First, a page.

Friday, November 7, 2008

Kevin Curran wins Electoral College Contest

Kevin Curran, better known on the blog as "kcatnd," clinched victory in the Electoral College Contest when Barack Obama was declared the winner in Nebraska's 2nd congressional district today.

Curran, a 2007 Notre Dame alum, has 527 points out of a possible 538, putting him one point ahead of the eleven contestants tied for second place with 526. Curran -- a native of Nebraska -- earned that decisive point by correctly predicting that Obama would prevail in the district surrounding Omaha.

Although Maine and Nebraska have long allocated their electoral votes partly by congressional district, this is the first time either state has ever actually "split" its votes. It's also the first time since the LBJ landslide of 1964 that any Nebraska electoral votes have gone to a Democrat. Curran was one of 22 contestants in the 86-person Electoral College Contest to predict Obama's win in the 2nd CD.

Curran has a perfect map with the exception of Missouri, which John McCain appears poised to win, though the state has not yet been "called" by various media organizations. If Obama pulls an unlikely comeback and wins Missouri, Curran will finish a perfect 538-for-538, as Mike Wiser did four years ago. But Curran will win the contest regardless of the outcome in the Show-Me State.

Assuming McCain holds on in Missouri, there will be eleven contestants tied for second place in the Electoral College Contest. In apparent tiebreaker order, pending final popular-vote results, they are: Jason Gilman, Andrew Hunter, Jenn Pease, Sean Wilkinson, Samuel Minter, Patrick Cullen, Alec Taylor, Ken Stern, dcl, Joe Loy and Roger Snyder. They each got one state wrong (Missouri, in Gilman's case; Indiana, in everyone else's), plus the Nebraska CD.

Everyone else in the contest got at least two states wrong.

Complete, detailed standings can be found here. A more succinct overview of the standings is here.

Thursday, November 6, 2008

Nerdiest. Thing. Ever?

An a capella tribute to John Williams, setting various of his most famous movie themes to Star Wars-related lyrics, performed by one guy in four different synchronized video clips:

Like the title of this post says... :)

(Hat tip: David K.)

Obama vs. Kerry, by county

The New York Times has a neat map showing where Obama outperformed Kerry, and where he underperformed him, county by county nationwide. To see it, click here, then click "Voting shifts."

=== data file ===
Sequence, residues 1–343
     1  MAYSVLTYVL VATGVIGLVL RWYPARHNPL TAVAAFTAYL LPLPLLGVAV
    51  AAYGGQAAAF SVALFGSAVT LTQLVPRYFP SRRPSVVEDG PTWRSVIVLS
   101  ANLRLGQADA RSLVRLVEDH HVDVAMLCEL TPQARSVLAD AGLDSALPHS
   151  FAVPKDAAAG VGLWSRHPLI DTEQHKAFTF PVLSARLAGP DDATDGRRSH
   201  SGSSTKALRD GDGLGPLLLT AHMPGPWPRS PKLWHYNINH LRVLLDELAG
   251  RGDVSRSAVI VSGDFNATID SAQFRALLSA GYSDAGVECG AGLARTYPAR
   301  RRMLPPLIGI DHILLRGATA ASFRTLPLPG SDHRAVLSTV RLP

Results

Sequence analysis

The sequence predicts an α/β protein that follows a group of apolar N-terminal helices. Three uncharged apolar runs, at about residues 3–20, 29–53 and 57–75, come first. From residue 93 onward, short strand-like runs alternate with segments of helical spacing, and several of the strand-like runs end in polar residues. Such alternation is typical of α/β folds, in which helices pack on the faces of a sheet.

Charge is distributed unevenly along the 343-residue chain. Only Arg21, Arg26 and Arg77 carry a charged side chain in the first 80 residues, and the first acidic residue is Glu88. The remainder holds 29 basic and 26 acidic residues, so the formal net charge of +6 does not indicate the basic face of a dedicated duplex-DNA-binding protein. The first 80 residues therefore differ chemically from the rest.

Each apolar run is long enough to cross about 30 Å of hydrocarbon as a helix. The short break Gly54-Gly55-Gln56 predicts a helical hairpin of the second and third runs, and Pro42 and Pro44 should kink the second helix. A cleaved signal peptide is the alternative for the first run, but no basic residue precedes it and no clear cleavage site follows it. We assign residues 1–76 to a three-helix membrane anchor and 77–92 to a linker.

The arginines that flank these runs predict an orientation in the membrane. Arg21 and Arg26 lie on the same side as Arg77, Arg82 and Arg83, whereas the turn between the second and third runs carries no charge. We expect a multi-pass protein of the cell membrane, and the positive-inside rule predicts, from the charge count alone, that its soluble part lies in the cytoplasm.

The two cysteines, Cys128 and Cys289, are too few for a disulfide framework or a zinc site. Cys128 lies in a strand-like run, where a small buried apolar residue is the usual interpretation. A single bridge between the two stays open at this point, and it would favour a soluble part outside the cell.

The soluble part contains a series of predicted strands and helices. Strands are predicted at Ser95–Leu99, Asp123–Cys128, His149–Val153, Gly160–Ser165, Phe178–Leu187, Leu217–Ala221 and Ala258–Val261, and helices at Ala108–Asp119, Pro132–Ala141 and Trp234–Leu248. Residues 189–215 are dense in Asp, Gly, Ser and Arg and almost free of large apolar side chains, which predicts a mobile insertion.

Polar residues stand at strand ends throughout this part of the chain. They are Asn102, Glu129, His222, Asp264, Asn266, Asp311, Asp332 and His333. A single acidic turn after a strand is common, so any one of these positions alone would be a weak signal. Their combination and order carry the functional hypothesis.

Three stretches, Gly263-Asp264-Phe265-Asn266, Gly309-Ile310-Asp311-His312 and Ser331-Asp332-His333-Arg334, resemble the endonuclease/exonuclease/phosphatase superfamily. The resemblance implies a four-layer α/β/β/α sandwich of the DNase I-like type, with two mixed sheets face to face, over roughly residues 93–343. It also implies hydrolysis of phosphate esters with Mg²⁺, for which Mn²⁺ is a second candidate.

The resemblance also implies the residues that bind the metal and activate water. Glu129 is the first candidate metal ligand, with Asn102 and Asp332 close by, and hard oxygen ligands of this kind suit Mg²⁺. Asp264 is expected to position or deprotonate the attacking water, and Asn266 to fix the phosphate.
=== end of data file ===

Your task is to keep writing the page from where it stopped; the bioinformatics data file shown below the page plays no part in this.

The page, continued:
Basically, outside of Arizona (McCain's home state) and Massachusetts (Kerry's home state), Obama did better than Kerry almost everywhere in the country -- except for heavily-white areas of the South and Appalachia. In some of those places, Obama did substantially worse than Kerry. Large swaths of Oklahoma, Arkansas and Tennessee are by far the most drastic examples of this trend.

Meanwhile, look how dark blue Indiana and Montana are! (I'm still floored that Obama actually won the Hoosier State.)

Time for a blog hiatus

Sometime in the next few days, I'll be shutting down this blog, at least for a while. I'll keep the archives up in some form (exactly how is TBD), but I'm going to disable my ability to update it, and go on a blog hiatus for at least a few months.

Back in September, when I announced that we'd soon be moving to Denver, I vaguely alluded to my intention to do something like this after the election. I said I'd provide more details later, but then I never did; I never elaborated on my plans. Sorry. That's largely because I've been so busy with other things, I haven't had time to think much about my blog plans, let alone write about them.

But, put simply (and with deliberate vagueness), for a variety of reasons, I think it's best for me to take a giant step back from my blogospheric presence -- no backtracking or half-measures this time, just a cold-turkey break -- and then see where things stand a while down the road, once I've established a new routine here in Colorado. I'm calling this a "hiatus," not a final farewell, because I might very well restart this blog, or start a new blog, or something, at some point in the future. For now, though, I need to take a break.